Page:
Wisconsin Book Festival party. Readings by Michael Perry and Lorrie Moore (intro by Mayor Dave), and then after the signing, a nice set of music by Michael Perry and the Long Beds. I've seen Mike read on two previous occasions, but had never heard any of the pieces he read on Thursday. The Long Beds played a good, solid set of music - my favorite songs included the violin. I've said it before, but I love living in a city where a local-author book reading can come close to filling the Orpheum.
Liam Finn, Eliza-Jane Barnes, and Wilco in Memphis. Yes, Memphis. Saturday, free flight, good seat ... why not? I'd been obliquely promised a "fun show" last weekend, though I wasn't quite sure what that would entail. As it turned out, a lot that couldn't have been planned plus something that definitely was: Jody Stephens of Big Star jumping in on shaker and drums, and a jaw-dropping cover of Big Star's "In the Street." There was a period of time a few years ago when Wilco played cover songs with some regularity, but I hadn't seen it in so long I forgot it was possible. That, along with the non-acoustic live debut of "Country Disappeared," made for a memorable show.
I haven't even mentioned Liam and EJ's set. At their show in Madison, I was thrilled when they played one of two songs I hadn't seen yet and especially wanted to. In Memphis they played the other, "Red Wine Bottle." As a bonus, Glenn came out to play drums with them. As if that weren't cool enough, afterward there was a brief conference on the stage and Glenn stuck around for a blistering rendition of Neil Young's "Cinnamon Girl." All that, plus Liam and EJ played a brand new song. I'm getting spoiled.
Beyond the main event, I did have a bit of time for Memphis itself on Saturday. I didn't get in early enough for any major tours, but did make it to Gus's Famous Fried Chicken for a very late lunch. (I had a slice of chess pie for dessert, and I still don't know what the hell chess pie is.) I also visited the Gibson Guitar Factory, wandered around Beale Street, and explored A. Schwab. The $1 pacifiers from Thailand were tempting, but I left empty-handed. I also caught a free performance at the Pepsi Pavilion off of Beale. No idea who was playing, but the vibe was happy and pleasantly buzzed. Oh, Beale Street and your open container laws.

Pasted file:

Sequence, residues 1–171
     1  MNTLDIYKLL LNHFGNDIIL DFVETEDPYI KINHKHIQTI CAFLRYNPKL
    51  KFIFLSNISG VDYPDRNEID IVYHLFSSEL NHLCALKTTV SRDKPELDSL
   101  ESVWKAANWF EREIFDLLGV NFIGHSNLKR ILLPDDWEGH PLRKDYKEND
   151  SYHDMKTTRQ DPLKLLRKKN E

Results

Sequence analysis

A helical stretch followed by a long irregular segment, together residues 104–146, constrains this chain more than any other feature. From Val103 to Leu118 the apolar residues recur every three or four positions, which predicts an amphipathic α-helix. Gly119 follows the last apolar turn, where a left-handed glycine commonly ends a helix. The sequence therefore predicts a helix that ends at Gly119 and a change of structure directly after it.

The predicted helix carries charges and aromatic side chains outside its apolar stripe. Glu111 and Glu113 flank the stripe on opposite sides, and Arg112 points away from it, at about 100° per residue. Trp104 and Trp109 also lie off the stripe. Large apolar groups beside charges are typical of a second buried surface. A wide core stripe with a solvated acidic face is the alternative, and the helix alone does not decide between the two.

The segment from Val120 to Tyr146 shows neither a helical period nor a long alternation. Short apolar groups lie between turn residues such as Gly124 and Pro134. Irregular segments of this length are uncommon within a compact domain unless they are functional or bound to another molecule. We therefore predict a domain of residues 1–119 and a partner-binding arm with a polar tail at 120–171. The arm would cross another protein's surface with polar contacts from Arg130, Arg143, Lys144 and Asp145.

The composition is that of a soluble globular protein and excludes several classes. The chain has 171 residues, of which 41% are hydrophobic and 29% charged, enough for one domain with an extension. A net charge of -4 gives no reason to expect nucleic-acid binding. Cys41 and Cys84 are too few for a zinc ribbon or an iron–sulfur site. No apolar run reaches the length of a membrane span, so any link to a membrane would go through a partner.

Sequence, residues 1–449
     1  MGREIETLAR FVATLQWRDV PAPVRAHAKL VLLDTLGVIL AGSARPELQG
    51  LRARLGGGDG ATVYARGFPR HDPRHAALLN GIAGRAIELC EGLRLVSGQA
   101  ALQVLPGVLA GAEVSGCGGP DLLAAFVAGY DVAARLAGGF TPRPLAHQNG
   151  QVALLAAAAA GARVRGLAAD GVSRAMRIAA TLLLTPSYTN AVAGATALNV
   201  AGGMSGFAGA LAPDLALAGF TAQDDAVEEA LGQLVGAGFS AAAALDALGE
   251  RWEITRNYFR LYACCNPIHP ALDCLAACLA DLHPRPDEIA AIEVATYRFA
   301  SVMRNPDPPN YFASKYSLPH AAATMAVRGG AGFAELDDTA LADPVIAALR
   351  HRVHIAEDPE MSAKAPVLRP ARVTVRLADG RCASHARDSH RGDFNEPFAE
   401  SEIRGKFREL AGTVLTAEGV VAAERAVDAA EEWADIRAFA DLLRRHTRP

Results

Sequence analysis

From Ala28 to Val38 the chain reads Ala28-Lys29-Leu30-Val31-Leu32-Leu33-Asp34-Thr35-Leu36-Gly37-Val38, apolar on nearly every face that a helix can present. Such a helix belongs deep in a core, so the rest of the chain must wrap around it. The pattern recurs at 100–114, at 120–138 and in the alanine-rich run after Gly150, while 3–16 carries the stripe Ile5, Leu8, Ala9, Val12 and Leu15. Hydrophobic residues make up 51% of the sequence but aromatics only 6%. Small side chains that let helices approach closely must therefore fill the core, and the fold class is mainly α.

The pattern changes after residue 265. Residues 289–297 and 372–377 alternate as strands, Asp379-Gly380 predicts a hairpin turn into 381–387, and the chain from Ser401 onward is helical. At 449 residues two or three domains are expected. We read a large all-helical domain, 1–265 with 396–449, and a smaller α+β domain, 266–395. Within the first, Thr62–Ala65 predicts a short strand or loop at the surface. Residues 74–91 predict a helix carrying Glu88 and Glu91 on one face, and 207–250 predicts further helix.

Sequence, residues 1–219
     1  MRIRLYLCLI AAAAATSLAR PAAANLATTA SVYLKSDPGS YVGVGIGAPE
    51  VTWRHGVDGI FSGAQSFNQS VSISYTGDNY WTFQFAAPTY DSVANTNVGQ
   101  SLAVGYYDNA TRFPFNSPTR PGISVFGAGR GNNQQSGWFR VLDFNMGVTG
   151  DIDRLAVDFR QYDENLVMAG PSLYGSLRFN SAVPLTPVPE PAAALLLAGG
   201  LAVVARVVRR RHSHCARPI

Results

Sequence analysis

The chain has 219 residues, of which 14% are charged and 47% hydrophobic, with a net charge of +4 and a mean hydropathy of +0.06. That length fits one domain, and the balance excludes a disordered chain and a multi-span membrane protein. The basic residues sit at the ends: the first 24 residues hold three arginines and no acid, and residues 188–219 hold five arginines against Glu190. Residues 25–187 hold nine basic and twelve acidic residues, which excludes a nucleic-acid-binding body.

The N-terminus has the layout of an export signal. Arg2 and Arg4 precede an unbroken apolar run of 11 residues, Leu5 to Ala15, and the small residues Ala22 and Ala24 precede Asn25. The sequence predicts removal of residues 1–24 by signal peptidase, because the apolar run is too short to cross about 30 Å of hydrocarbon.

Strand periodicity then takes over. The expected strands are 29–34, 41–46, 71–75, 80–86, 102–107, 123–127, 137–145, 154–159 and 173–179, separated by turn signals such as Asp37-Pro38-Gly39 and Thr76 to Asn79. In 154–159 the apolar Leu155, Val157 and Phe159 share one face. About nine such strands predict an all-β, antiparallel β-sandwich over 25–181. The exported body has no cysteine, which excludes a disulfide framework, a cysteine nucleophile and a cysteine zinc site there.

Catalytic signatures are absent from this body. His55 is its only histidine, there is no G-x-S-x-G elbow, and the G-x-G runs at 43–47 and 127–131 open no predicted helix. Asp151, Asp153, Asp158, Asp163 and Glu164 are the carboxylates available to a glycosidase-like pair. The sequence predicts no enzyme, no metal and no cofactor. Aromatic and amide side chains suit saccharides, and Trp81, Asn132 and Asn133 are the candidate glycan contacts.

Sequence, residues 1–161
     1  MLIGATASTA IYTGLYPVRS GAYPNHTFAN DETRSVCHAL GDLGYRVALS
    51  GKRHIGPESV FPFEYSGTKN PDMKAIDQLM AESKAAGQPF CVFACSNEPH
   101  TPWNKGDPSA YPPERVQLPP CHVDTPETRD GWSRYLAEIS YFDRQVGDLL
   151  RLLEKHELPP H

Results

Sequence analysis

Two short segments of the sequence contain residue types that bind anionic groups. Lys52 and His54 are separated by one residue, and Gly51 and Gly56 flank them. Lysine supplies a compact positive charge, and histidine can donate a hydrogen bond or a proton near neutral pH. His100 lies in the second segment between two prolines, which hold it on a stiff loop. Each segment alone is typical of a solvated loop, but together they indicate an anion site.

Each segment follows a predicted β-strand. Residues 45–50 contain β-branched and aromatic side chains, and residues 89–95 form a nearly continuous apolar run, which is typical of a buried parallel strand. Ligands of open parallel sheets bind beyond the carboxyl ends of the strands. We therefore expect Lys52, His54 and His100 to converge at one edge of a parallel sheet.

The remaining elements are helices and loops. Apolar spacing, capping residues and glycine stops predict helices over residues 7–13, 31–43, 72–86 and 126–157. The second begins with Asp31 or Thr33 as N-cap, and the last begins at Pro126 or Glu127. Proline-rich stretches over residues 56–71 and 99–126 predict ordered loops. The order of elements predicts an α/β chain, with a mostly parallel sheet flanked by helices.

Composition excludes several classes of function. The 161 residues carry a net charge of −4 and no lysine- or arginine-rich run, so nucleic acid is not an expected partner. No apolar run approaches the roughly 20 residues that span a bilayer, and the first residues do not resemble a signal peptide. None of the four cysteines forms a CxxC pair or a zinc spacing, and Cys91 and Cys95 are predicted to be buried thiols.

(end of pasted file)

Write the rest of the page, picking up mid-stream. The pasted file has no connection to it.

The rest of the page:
We'd had the best of intentions to go see Norton Wisdom paint with some great musicians at the Poplar Lounge after the show, an event which we were assured had every chance of going strong until 4:30 a.m. (a.k.a. the time we had to leave for the airport.) By the time we left the Orpheum it was nearly 1:00, though, and we had to take a rain check or risk keeling over. Instead I got an hour or two of sleep before the flights back home. I couldn't afford to be totally dead the next day because...
Bon Iver in Milwaukee, with The Daredevil Christopher Wright opening. As this show was to be Bon Iver's last for an indefinite amount of time, I was thankful for the opportunity to attend. Sitting in the midst of a sold-out crowd at the Riverside felt different from standing against the stage at the Barrymore in Madison last December ... which itself, I'm sure, was a change from the Milwaukee show Bon Iver played in support of For Emma less than two years ago at Mad Planet. Less than two years, and so many accomplishments. So many new fans. Still, when Justin sat alone on the stage to play "Re: Stacks" - toward the end when he pulls back from the microphone a bit and everyone leans a little closer - the room felt very small. But when the crowd sang along at the top of its collective lungs with "Wolves," screaming over the final instrumental frenzy, the sound filled every inch of the theater's expansive size - and joyously so.